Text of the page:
At an extremely late hour in the day, the European summit appears to have agreed to modest, but important, changes in the structure of European bailouts.
The most important alteration for many is the fact that the funds provided to Spain by the European Stability Mechanism (annouced on the 9th and formally requested on the 25th) are to be provided without seniority. Previously, loans from the ESM are given subject to a proviso – enforced through convention rather than legality – that they are to be repaid before any other loans.
This is problematic for countries in trouble, since it makes it a lot harder for them to receive other funds. If you are a private investor, the last country you want to lend to is one which, if it goes bust, has to pay off a €100bn+ loan to the European Central Bank before you see a penny. As a result, when Spain first announced it was planning to seek a bailout, the first thing to happen was a spike, of around 5 per cent, in its bond yields (the cost of borrowing).
It now appears that seniority is to be “renounced” for the ESM’s loan to Spain. It may still have implicit seniority – in any bankruptcy, the debtor has some choice of the order in which they pay off creditors of equal status, and Spain is unlikely to want to piss off the EU too much – but private lenders will be able to feel slightly more comfortable in giving money to the country. The question for the ESM now (and there are always further questions) is whether this is a one-off exemption, or new policy. And if it is new policy, can it be applied retroactively? Spain is, after all, not the only country with a bailout from the EU.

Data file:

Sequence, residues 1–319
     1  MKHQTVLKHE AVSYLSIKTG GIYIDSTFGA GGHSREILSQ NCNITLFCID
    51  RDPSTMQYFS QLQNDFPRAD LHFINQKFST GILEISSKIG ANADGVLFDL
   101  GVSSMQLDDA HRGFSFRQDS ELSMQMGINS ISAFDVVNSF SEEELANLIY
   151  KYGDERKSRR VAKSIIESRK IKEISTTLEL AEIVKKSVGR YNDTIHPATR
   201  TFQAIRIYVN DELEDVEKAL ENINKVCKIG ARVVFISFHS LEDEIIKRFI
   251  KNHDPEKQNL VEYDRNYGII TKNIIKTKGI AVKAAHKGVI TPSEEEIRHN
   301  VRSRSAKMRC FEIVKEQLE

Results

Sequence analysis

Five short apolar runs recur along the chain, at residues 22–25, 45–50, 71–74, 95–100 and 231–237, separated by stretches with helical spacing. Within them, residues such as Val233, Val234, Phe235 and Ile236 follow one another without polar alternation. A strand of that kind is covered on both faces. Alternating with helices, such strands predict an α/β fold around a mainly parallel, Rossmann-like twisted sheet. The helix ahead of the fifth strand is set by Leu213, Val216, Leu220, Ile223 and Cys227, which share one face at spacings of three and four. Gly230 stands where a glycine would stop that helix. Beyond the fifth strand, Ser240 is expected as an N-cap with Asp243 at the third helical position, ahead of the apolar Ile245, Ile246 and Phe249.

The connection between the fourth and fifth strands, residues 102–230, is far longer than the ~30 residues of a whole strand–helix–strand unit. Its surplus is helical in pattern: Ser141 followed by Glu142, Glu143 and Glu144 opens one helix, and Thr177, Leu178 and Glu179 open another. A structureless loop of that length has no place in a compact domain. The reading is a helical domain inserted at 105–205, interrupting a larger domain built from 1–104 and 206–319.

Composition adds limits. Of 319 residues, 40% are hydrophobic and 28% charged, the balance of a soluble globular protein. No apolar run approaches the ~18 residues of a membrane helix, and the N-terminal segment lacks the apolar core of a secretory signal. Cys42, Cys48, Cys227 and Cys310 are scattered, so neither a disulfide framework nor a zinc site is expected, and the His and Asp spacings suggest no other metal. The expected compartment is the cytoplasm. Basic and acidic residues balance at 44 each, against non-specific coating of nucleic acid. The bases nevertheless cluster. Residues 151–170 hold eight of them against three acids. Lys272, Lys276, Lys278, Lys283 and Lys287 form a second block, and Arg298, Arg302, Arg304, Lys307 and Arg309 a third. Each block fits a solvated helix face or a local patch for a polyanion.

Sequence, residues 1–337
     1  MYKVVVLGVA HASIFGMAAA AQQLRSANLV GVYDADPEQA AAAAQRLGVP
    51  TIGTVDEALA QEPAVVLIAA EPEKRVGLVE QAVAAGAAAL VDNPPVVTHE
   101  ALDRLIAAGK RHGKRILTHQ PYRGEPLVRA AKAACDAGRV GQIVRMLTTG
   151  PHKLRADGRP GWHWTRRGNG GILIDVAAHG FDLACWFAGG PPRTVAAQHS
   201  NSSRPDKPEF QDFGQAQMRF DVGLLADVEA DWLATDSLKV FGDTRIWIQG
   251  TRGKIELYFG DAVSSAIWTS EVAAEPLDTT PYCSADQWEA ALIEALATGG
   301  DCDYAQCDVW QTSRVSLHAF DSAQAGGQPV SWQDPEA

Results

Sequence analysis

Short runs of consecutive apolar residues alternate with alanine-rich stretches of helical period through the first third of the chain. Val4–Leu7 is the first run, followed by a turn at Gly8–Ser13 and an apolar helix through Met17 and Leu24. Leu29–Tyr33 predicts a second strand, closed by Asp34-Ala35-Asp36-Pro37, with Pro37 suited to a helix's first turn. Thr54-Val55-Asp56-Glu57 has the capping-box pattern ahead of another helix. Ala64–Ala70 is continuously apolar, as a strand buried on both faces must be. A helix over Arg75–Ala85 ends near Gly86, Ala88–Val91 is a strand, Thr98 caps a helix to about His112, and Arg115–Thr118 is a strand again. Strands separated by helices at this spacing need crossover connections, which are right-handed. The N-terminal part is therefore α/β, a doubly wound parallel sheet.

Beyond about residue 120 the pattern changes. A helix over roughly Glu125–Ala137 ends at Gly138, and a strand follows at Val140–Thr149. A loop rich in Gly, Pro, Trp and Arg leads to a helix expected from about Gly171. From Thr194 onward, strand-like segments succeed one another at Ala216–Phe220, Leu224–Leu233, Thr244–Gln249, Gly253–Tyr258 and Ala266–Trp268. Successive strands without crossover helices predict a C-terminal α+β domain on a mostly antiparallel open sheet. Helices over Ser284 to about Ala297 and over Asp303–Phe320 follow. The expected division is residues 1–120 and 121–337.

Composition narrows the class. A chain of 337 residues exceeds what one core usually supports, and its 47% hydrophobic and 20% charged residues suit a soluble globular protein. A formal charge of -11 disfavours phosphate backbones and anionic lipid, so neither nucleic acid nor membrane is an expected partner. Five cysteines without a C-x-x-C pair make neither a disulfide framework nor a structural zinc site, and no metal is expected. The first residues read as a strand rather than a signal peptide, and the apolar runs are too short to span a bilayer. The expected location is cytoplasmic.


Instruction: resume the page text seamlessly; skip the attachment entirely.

The summit also agreed to allow funds from the bailout to be injected directly into Spain’s banks. The statement from the summit affirms that “it is imperative to break the vicious circle between banks and sovereigns,” and that the ESM should be allowed to recapitalise banks. Previously, the money would have gone directly into a Spanish government vehicle, which would have paid out to the banks; the ESM is now capable of skipping that step, which should save everyone some time and money.
More important than what the EU has allowed, though, are the concessions it has demanded. Instead of there being 17 different banking supervisors throughout the eurozone, there will now be just one, a major step towards the creation of a pan-European banking union. The big change is that Eurozone authorities – for which, read “Germany” – will now be able to force struggling banks throughout the Eurozone to recapitalise, rather than waiting for the individual sovereigns to decide.